Emma is a Pathways alum from Winnipeg, Manitoba. She believes it’s important to have diverse voices in literature and hopes to create a non-profit organization to support young writers.
Emma smiles as she signs her book, The Fairy King. She’s at the Miami Book Fair with a display about the novel to her left and copies of it stacked to her right.
In 2019, Emma became a published author. For her, it was a satisfying experience to finally see and touch the book she brought to life.
But when she released it to the public, Emma was both nervous and excited. “It’s like someone reading your diary,” she says.
Emma started writing The Fairy King in high school on loose-leaf paper.
“I was always into writing because of English class. I really enjoy stories and I find they’re kind of like a coping mechanism—getting all the craziness, beauty, and grotesqueness that resides in the human brain and heart into something physical,” she says.
As a child, Emma used writing as a form of escapism and always aspired to become an author.
In Grade 7, she moved to a new neighbourhood with her family and had to change schools. As an introvert, she found it difficult to make new friendships and was relentlessly bullied.
Two years later she joined the Pathways Program, and it became a refuge for her. The volunteers, students, and staff at Pathways gave Emma a sense of community and supported her passion for writing—especially her mentor, Claire.
“Having a support network of people who can be there when you’re feeling frustrated or sad, to kind of pick you back up from that, is good,” says Emma. “My support network at Pathways was one of the things that kept me motivated.”
Claire gave feedback on Emma’s story drafts along the way and connected her with a writing association for networking opportunities and extra support.
Once The Fairy King was complete, Emma set out to have it published. But she soon encountered a roadblock—every publisher she came across required novel submissions to be from authors who already had published work.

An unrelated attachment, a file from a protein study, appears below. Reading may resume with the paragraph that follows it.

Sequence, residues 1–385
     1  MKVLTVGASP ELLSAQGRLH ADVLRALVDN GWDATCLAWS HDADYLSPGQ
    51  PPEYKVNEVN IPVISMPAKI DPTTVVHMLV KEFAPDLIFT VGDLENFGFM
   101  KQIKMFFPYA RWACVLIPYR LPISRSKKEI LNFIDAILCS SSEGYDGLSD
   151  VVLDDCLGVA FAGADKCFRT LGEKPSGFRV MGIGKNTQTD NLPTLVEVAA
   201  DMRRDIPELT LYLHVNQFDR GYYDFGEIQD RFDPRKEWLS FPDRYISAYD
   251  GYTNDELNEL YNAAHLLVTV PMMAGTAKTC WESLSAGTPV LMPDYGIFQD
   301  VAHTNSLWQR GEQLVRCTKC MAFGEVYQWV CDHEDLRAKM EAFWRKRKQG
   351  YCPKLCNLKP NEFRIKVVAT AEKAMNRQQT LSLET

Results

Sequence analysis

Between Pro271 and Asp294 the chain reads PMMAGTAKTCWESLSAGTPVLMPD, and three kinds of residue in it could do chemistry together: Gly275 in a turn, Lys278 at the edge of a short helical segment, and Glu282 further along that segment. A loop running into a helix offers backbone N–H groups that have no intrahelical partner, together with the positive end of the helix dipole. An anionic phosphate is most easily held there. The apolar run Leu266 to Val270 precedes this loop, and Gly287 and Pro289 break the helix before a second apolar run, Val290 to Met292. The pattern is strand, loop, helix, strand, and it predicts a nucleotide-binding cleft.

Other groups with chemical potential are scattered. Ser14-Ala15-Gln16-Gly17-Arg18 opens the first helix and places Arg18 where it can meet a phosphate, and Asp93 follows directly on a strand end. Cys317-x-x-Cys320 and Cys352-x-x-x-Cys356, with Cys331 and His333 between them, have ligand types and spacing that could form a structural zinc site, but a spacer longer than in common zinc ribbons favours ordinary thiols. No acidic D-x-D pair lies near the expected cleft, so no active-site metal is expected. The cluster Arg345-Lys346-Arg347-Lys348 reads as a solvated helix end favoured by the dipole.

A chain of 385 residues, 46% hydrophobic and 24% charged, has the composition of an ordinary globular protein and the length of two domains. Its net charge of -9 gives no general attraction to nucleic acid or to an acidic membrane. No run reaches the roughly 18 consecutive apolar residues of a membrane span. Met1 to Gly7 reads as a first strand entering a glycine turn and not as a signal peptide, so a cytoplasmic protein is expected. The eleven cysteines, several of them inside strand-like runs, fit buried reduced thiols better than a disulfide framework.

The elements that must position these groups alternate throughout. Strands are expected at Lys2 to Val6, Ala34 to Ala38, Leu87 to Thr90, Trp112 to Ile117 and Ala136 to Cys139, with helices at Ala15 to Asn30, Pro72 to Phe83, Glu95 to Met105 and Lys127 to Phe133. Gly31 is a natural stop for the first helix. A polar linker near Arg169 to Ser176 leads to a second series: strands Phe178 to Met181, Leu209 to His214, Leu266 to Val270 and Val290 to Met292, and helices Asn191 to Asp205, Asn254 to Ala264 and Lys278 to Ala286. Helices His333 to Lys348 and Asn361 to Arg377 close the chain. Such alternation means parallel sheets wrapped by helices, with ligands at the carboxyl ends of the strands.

As a first-time author, Emma found this requirement personally difficult, but she also feared its wider impact on the publishing industry as a whole, and its ability to limit the diversity of voices that are heard.
“Having authors that are younger, have a different sexual orientation, gender, and racial perspective is important, because then we have different ways of looking at the same thing. And to only look one way is pretty biased,” says Emma.
Despite her disappointment, Emma was determined to make sure this roadblock wouldn’t end her dream. She began exploring self-publishing, but soon found that led to a new challenge: getting a good-quality print of your book comes with a large price tag.
Facing another obstacle, Emma once again turned to Claire, who offered guidance and support. She was a sounding board for Emma’s questions, an outlet for her frustrations, and constant source of motivation.
Energized by Claire’s enthusiasm, Emma stayed focused on her goal and saved her money. Then one day, she got a notification of a sale and purchased a publishing package—finally turning The Fairy King into a printed reality.
“I felt what I imagine would be a similar feeling to having a child. You put in all this time and effort into creating this thing that you can now physically touch. At this point, that book is my child,” says Emma.
Now Emma wants to help other young writers get that same feeling. Today, she’s a mentor at Pathways Winnipeg where she supports youth who have their own dreams of becoming authors. The students come to her with questions about publishing and ask her to read over their story drafts.
“They’re really talented. The characters themselves are amazing, and the fact that they trust me to be some sort of influential part of that is pretty exciting,” says Emma.
Knowing how hard it was for her to become a published author, Emma believes it’s important to support other young writers. She wants to help them join the literary canon and make the publishing world more accessible.
Her long-term goal is to establish a non-profit that supports young emerging authors and brings a diverse range of voices to the literary world.
“That was also the thing that sparked my desire to want to work with Pathways,” says Emma. “My experience at Pathways was definitely influential and impactful on me and my journey. If I can create something similar for young writers, that would be pretty cool,” says Emma.